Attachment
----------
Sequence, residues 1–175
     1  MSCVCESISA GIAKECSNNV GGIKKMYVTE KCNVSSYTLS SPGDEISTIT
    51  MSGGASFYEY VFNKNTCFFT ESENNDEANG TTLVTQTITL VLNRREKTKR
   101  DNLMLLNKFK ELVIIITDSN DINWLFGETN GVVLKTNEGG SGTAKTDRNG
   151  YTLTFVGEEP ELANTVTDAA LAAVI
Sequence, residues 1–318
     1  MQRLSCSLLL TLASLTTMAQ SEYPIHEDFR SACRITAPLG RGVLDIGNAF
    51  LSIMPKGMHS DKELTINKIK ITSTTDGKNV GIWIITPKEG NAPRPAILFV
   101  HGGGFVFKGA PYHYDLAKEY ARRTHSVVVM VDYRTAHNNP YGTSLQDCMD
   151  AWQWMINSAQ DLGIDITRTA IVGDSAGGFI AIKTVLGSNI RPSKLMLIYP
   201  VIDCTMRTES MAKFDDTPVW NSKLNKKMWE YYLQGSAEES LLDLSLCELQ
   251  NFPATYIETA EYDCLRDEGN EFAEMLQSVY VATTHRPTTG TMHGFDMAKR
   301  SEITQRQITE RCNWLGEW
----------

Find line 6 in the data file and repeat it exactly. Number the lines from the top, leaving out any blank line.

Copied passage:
Sequence, residues 1–318